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Seniors look back on high school years

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Graduation is quickly approaching for seniors everywhere.

Graduation is quickly approaching for seniors everywhere.

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http://www.otisfundraisingideas.com/fundraisingideas/raising-money-cap-and-gown-along-graduation-ceremonies

Graduation is quickly approaching for seniors everywhere.

Kayla Dean and Cheyenne Pucheta

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From the pressure of exams to all the life-long memories made, high school is one big emotional ride for most students. From making new friends to the endless amount of homework and not to mention everything changing around them as they become an adult, high school helps with the scariest part of getting older and entering the real world. But as a senior, leaving the comfort of this once foreign place is the next step in one’s life journey and looking back, it will be missed.

Some seniors say that entering and leaving high school is bittersweet, as both are huge jumps in a young person’s life. Entering high school is usually terrifying for students because it’s the biggest part of their teenage life and graduating high school can be upsetting because students are leaving so many wonderful people behind and moving out into the world.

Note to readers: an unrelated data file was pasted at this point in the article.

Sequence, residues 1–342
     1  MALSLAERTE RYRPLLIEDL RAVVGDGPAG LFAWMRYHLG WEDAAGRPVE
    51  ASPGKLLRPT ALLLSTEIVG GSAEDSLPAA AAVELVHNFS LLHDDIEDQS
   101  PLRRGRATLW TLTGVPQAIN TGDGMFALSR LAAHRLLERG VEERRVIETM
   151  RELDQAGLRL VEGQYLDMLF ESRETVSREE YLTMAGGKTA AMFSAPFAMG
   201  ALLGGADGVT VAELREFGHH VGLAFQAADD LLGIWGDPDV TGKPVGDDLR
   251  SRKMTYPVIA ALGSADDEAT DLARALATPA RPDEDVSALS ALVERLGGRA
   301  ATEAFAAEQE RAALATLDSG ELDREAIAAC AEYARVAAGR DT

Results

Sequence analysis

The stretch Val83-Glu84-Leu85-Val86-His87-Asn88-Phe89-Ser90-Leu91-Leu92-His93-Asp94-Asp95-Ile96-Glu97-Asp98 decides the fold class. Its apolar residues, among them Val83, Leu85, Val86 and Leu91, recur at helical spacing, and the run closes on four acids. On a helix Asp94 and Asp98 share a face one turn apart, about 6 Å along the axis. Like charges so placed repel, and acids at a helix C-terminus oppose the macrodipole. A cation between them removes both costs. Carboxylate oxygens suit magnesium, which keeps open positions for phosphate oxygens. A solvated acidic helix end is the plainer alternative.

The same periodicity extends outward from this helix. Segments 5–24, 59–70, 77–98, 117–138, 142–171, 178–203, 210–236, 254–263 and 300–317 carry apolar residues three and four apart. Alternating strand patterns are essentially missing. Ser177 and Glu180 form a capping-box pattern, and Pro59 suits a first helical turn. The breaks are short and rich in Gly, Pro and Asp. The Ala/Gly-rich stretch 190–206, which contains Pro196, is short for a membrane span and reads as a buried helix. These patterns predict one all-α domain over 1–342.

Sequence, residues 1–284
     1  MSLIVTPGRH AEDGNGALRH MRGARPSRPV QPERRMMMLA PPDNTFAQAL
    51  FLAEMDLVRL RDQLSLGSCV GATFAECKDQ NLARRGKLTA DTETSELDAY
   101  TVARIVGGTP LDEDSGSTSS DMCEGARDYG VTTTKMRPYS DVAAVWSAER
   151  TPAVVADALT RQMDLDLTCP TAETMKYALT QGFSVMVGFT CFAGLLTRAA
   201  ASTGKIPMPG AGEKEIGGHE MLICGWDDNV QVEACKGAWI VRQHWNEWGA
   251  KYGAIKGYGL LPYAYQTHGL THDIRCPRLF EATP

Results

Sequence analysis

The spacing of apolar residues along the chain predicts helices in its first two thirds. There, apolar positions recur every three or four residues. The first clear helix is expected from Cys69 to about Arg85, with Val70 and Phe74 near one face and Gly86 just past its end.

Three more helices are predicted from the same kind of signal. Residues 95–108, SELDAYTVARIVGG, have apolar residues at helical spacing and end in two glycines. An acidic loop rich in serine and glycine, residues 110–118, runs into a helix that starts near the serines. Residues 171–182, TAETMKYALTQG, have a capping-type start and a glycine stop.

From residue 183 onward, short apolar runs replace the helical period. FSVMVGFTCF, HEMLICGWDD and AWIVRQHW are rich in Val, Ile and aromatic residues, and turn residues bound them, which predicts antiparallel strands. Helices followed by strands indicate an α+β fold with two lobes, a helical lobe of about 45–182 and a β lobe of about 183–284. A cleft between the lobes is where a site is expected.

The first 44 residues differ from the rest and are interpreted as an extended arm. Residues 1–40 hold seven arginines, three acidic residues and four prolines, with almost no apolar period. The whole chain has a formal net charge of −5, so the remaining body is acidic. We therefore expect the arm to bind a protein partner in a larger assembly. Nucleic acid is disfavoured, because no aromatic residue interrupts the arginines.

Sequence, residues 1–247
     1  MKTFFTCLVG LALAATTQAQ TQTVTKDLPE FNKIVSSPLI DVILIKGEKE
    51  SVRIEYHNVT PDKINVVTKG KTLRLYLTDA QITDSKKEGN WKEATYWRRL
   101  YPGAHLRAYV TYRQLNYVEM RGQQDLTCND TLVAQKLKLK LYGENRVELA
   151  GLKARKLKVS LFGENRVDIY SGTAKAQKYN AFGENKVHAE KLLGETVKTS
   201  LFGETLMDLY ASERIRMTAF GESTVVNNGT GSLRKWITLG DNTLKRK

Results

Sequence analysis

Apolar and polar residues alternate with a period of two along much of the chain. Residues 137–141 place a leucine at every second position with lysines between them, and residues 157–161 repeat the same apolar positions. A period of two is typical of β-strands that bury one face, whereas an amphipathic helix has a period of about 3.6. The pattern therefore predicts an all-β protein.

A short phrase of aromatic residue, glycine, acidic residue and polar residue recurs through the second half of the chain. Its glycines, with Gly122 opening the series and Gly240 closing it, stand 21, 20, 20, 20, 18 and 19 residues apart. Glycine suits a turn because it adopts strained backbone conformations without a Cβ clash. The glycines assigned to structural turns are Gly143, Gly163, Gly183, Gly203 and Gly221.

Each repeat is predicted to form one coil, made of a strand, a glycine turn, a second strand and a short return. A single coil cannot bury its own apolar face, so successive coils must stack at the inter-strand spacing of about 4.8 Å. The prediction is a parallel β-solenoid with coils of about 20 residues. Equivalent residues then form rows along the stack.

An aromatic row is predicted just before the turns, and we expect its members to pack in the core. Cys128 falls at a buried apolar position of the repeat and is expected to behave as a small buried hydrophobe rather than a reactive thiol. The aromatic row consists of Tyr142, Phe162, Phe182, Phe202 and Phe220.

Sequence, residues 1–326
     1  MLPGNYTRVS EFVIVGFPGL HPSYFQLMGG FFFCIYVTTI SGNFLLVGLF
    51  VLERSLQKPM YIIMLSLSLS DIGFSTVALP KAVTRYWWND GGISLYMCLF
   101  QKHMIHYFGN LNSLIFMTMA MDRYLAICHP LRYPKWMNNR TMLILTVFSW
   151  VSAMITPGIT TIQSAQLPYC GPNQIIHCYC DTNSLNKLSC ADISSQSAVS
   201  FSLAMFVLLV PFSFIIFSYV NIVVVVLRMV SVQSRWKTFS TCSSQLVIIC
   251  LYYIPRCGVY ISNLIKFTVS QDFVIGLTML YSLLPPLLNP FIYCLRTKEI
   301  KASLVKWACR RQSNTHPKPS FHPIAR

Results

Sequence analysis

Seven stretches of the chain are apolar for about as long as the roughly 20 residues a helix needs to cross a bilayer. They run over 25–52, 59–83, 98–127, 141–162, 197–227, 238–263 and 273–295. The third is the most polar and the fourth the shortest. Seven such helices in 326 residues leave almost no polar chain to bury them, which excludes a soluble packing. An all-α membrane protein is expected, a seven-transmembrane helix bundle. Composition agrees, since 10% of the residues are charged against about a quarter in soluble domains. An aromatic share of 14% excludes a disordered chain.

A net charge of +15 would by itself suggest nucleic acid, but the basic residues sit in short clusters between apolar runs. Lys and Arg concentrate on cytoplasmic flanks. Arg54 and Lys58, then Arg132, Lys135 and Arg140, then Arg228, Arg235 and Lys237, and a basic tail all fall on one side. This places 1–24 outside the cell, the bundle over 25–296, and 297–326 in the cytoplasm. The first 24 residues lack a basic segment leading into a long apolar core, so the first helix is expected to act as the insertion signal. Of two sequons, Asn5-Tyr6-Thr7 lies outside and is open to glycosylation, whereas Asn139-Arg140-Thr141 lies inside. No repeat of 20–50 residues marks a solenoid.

“Senior year has been an emotional rollercoaster of ups and downs for me,” senior Brent Hebert said. “When it began it was joyful to be entering my final year of high school. Yet it soon became clear to me that I was growing up and would soon have to enter an alien world I knew nothing about. For a while this fear held me back, but eventually I was liberated by the full realization that this was simply a new adventure in life that I would have to take head on.”

According to Hebert, entering high school was a bit intimidating at first because of the difference in size.

“Coming from a small school, I first saw high school as a massive ocean that I wold soon be swept away in,” he said. “Now I see it’s just four more years of college prep.”

However, seniors are not just leaving something behind when they graduate; they are taking something with them. Being a student for four years allows teenagers to build relationships and gain advice from teachers and the adults involved in the high school. Those things not taught from a textbook are just as important, if not more so.

According to senior Jacob Wiggins, he has learned many life lessons from several of his high school teachers. He has learned that passion in the things one loves is key and persistence is always necessary. He said his teachers have also shown him that no matter what one does, he or she will struggle, but as long as they try – they will succeed.

“Knowledge wise, the stuff that I learned from books, I doubt very much of it will help,” Wiggins said. “What will help is remembering what values I was taught. I learned that too much of my generation has lost respect where it is due. And it is due to everyone. You don’t have to get respect to give respect until they lose it. And that goes for every person you will ever meet in your life.”

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The student newspaper of Little Cypress-Mauriceville High School
Seniors look back on high school years